I think you could chalk some of that up to your environment and culture as much as you could a god.

also, not knowing where your intellect or consciousness comes from means not knowing. Chalking it up to the supernatural is a hasty conclusion.

You still haven't explained your warrant for bridging your observations to the supernatural.

and how did you figure out the scope of what god would and would not do to have so much faith that he wouldn't create the world with age?

Touchstone said...

Hi Lee, (and no, I don't know why I've been responding to questions in reverse order here)

You criticize YEC as a denial of straightforward, interlocking sets of evidence but then you assert that there is more truth and knowledge available than just what materialism accepts.

That sounds contradictory.

You have no reason not to accept that god could create the world with the appearance of age other than you choose not to unless you have defined what god would and would not do.


As a matter of strict possibilities, you are correct; I have always maintained that, given a God with the attributes and capacities we assign Him, it is impossible to rule out the YEC scenario -- that God created the universe in 6 days 6,000 and simply made everything (everything!) point to a much different finding, forensically. That's possible in a theoretical sense, I grant, and have always granted.

But theoretical possibilities just aren't interesting or useful. As a Christian, if that's how God is to deal with man, that's within His power and prerogative, but there's little point in *believing* anything further, as such a scenario would simply diminish the utility of both the concepts of "reason" and "belief". The YEC understanding, if true, then, is an affirmation that God's universe isn't just *fundamentally* unintelligible, it's *completely* unintelligble in the sense that "intelligible" is destroyed as a useful concept.


Christianity, by definition, is metaphysical subjectivism. God as the prime Subject, plenipotentiary with respect to all else. God's will is normative to reality, rather than God having to conform to a surrounding objective reality. Many critics realize this (a trivial insight into Christianity if there ever was one), and suppose that this existential subjectivism wipes out the means for reason and rationality. In principle, it definitely could; as I said, God *could* mess with the uniformity and predictability of the universe so thoroughly that attempts to render it even remotely intelligble would be futile. If YEC interpretations are right, then I suggest all hope for the utility of reason and the intelligibility of the world around us is lost.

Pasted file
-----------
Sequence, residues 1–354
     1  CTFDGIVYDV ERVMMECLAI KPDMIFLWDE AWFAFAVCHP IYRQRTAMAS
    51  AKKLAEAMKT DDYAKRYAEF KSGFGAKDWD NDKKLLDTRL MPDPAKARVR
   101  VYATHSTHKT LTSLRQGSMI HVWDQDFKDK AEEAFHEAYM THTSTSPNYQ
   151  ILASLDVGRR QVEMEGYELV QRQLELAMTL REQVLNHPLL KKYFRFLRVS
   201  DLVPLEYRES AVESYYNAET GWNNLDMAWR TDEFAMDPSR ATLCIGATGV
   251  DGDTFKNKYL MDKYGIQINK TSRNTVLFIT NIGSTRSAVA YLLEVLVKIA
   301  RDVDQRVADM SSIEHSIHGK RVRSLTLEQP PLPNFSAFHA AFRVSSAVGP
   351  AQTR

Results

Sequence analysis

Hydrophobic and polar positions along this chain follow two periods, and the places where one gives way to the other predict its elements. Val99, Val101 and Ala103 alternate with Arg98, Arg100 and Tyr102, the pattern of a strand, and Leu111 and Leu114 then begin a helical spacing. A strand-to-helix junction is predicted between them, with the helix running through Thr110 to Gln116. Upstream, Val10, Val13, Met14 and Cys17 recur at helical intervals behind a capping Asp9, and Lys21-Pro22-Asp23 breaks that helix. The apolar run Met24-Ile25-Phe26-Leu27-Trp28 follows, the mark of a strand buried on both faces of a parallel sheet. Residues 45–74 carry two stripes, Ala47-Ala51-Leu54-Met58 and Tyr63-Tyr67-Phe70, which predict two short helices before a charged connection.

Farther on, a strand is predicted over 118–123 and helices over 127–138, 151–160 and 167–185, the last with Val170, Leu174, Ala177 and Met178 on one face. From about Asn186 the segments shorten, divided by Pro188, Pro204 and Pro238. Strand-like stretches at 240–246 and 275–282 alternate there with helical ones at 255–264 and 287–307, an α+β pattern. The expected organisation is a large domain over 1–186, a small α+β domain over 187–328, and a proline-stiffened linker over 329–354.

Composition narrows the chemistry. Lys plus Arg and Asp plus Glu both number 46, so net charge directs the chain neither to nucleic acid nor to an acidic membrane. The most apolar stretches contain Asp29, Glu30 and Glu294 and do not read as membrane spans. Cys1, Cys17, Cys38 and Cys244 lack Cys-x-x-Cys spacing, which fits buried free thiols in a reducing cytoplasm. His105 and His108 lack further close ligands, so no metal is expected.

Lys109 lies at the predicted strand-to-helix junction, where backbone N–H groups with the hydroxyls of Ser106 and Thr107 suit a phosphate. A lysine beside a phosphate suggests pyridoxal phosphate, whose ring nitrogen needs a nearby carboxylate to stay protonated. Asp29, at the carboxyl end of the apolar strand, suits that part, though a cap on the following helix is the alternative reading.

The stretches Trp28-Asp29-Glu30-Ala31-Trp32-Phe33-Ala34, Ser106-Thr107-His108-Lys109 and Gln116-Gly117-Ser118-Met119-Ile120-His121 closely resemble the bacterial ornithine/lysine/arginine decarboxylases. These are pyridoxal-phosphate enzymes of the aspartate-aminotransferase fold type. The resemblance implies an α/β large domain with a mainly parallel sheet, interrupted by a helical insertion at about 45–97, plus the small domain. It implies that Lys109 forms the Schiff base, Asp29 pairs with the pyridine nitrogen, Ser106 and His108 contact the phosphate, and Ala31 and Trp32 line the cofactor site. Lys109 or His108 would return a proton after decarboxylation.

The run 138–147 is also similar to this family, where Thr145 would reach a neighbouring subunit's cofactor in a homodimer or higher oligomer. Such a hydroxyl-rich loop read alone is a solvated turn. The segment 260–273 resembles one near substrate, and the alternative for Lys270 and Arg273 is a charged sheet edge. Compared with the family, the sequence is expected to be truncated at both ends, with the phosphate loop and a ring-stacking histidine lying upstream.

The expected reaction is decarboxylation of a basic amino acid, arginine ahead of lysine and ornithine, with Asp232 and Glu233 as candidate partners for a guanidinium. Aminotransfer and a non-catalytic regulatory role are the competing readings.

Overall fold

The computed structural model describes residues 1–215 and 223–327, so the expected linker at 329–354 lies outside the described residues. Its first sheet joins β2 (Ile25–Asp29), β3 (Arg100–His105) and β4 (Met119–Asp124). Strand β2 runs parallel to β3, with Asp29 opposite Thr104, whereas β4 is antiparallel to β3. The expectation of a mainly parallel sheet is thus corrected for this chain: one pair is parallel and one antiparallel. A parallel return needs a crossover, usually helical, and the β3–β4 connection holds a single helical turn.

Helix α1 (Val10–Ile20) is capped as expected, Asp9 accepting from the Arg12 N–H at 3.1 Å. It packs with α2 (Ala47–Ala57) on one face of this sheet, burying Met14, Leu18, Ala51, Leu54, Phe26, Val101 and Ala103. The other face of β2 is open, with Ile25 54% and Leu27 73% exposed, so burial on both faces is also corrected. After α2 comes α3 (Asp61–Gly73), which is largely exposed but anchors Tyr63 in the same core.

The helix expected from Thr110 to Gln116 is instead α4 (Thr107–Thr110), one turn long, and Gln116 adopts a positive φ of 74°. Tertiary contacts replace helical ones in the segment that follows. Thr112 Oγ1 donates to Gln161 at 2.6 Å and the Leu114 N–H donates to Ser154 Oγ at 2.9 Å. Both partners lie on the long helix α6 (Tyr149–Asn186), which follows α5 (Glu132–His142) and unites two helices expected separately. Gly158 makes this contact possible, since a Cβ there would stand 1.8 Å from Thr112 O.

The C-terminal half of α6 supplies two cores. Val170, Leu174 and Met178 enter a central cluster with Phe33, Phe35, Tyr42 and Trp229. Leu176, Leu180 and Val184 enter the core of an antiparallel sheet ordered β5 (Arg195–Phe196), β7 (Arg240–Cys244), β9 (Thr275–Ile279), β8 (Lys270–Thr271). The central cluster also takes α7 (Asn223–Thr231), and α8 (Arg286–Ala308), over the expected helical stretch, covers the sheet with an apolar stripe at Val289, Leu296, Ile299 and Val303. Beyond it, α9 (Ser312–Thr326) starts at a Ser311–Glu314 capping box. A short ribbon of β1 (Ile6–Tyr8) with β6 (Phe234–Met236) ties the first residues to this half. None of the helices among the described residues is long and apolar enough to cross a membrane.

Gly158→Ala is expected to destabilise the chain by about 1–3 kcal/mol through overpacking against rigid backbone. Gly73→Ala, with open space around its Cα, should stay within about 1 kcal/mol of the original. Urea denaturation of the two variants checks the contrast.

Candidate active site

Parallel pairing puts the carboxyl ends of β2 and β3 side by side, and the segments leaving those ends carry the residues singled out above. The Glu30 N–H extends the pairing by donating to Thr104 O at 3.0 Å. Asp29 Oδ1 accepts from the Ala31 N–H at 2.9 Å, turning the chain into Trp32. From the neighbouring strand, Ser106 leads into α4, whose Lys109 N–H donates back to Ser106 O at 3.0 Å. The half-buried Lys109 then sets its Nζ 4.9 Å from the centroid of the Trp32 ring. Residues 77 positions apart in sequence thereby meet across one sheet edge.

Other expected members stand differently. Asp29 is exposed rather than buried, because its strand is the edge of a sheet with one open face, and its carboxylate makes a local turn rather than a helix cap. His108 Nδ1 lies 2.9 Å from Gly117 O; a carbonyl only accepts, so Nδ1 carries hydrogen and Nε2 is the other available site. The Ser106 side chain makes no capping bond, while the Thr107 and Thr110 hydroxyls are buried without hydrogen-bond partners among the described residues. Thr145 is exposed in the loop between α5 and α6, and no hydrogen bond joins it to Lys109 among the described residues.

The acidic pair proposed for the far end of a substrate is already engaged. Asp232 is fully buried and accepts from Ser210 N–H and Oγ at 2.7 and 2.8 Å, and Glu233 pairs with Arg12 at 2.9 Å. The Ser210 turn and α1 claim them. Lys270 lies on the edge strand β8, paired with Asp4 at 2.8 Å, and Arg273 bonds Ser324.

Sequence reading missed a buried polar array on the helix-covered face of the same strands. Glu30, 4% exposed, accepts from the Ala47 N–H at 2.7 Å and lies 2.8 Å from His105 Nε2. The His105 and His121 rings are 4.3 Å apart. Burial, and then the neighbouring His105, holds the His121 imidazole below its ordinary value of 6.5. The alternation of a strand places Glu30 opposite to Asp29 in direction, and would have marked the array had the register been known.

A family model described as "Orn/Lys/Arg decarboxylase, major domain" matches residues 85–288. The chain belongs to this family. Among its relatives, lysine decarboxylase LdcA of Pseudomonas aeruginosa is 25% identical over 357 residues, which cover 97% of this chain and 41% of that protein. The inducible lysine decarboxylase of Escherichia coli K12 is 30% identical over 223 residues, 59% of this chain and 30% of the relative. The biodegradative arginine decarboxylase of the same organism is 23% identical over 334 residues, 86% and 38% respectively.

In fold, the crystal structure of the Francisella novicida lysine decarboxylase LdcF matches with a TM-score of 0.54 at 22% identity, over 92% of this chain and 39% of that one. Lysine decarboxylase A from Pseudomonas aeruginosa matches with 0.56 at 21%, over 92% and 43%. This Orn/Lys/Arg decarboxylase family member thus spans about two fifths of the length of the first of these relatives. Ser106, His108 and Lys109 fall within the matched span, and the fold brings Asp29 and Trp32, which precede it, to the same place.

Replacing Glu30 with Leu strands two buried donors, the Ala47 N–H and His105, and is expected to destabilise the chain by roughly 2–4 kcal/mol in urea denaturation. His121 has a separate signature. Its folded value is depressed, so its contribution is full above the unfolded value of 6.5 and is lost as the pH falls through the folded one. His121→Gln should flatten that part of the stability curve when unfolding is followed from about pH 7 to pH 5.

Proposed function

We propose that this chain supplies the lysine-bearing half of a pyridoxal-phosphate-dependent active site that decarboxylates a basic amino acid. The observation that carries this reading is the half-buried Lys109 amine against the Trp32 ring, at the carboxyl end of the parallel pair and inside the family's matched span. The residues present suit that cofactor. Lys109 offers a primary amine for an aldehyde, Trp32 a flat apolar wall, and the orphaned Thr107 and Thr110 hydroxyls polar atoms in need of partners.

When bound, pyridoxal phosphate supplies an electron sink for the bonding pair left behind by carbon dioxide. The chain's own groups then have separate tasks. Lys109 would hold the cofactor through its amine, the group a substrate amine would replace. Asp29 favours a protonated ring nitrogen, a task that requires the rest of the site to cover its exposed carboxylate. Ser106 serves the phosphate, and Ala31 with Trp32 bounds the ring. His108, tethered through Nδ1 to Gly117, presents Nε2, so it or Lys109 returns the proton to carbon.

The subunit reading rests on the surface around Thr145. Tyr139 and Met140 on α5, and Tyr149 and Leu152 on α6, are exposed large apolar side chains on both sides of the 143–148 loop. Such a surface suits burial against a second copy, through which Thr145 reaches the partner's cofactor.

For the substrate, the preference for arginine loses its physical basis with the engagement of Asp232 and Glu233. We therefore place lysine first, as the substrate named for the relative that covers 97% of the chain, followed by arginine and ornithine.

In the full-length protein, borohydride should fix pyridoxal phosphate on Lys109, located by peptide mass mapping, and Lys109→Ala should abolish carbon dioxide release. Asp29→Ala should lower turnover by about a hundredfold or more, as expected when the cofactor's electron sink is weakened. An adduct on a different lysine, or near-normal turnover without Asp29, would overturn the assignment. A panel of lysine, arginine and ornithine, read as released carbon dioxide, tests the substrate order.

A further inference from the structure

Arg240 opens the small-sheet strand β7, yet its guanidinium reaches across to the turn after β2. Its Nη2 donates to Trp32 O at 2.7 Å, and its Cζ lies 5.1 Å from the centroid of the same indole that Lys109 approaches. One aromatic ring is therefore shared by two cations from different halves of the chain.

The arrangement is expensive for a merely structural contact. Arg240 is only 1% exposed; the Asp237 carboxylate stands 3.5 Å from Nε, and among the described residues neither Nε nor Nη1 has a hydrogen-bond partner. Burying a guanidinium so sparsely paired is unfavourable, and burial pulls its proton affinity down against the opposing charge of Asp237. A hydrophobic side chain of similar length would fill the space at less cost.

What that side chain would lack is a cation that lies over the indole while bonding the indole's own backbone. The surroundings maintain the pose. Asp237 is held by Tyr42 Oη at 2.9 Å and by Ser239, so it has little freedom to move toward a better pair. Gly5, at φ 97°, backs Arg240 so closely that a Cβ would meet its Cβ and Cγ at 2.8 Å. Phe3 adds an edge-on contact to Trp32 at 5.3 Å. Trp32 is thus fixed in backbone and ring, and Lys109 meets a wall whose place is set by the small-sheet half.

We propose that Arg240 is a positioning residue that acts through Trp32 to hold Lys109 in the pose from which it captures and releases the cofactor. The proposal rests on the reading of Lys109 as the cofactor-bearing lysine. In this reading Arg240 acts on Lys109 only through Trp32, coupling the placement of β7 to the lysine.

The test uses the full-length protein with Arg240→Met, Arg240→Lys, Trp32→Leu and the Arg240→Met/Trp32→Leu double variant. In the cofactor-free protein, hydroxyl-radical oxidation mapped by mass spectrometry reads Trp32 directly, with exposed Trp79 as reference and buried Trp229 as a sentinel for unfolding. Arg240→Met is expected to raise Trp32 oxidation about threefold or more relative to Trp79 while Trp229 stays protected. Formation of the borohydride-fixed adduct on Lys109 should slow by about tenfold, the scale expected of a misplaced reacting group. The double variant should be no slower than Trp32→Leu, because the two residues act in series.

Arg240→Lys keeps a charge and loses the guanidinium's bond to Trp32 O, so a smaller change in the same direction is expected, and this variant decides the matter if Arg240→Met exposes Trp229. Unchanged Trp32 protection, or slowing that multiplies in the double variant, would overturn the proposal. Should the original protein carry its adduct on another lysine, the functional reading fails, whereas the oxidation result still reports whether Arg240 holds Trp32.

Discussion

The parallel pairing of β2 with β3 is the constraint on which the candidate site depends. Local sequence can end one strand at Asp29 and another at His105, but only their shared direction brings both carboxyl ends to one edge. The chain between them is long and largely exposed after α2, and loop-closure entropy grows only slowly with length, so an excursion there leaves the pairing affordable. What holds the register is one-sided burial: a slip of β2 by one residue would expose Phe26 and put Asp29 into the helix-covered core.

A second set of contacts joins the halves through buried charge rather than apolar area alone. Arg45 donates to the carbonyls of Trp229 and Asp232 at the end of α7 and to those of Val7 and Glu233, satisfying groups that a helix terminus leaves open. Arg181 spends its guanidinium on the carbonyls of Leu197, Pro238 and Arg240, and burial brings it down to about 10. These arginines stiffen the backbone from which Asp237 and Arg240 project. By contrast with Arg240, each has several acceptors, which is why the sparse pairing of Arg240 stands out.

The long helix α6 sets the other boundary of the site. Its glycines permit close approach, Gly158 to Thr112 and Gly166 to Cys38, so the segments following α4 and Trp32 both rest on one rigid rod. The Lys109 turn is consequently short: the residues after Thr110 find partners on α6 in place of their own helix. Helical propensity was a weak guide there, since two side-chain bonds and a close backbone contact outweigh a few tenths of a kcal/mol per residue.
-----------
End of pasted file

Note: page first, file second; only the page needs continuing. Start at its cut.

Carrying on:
So, yes, that's a *risk*, in principle. But not in practice, by my lights. God can do anything, and at choice points along the timeline, He has definitely "messed with reality" in such a way that confounds our normal heuristics, our reasoned and rational approaches to making sense of the world. But those are, I submit, exceptions that prove the rule; the default "rule" is an ordered, consistent, predictable universe. It is punctuated by selected interruptions that align developments with His goals in a visible way (as opposed to achieving teleogical ends "behind the scenes"), interruptions that not only work toward direct ends, but also serve as "signs" to those looking and receptive to them.

That's probably more (and less) than you were looking for in an answer, but ultimately, I don't resist the suggestion that in the Christian framework, *anything* can happen. That's how metaphysical subjectivism works. When reality is ruled by a will, the potentialities correspond to the will, rather than the constraints of physics.

Bottom line: God *could* have done the "poof with appearance of age" thing, but to the extent that reason and intelligibility of the universe are at all meaningful concepts, it's an exceedingly remote possibility.

(Sorry to have gotten so far afield, Loftus!)

-Touchstone

Lee Randolph said...

Hi Touchstone,
This is a pretty weak warrant/principle to base a conclusion on:
But theoretical possibilities just aren't interesting or useful.

I wouldn't say we are far afield, the topic is "what would it take to convince me" and we are examining your reasons.

I can't come back till much later, but I hate to give this up.

I hope you'll check back tomorrow.

John W. Loftus said...

Touchstone said...At the same time, however, I've learned to incorporate parts of my intuition -- understandings that don't break down cleanly in a reductionist way -- to good effect.

I think intuition is nothing more than the reasonable hunches or guesses that the subconscious brain makes you conscious of. You may not be able to rationally explain these conclusions precisely because they come from the subconscious parts of your brain. You are only conscious of the conclusion since the reasoning behind it takes place subliminally, and this does not equate to deriving knowledge irrationally.

Touchstone said...

Lee,

If you're OK with where the conversation goes/is going, then I am (with a nod in Loftus' direction of course).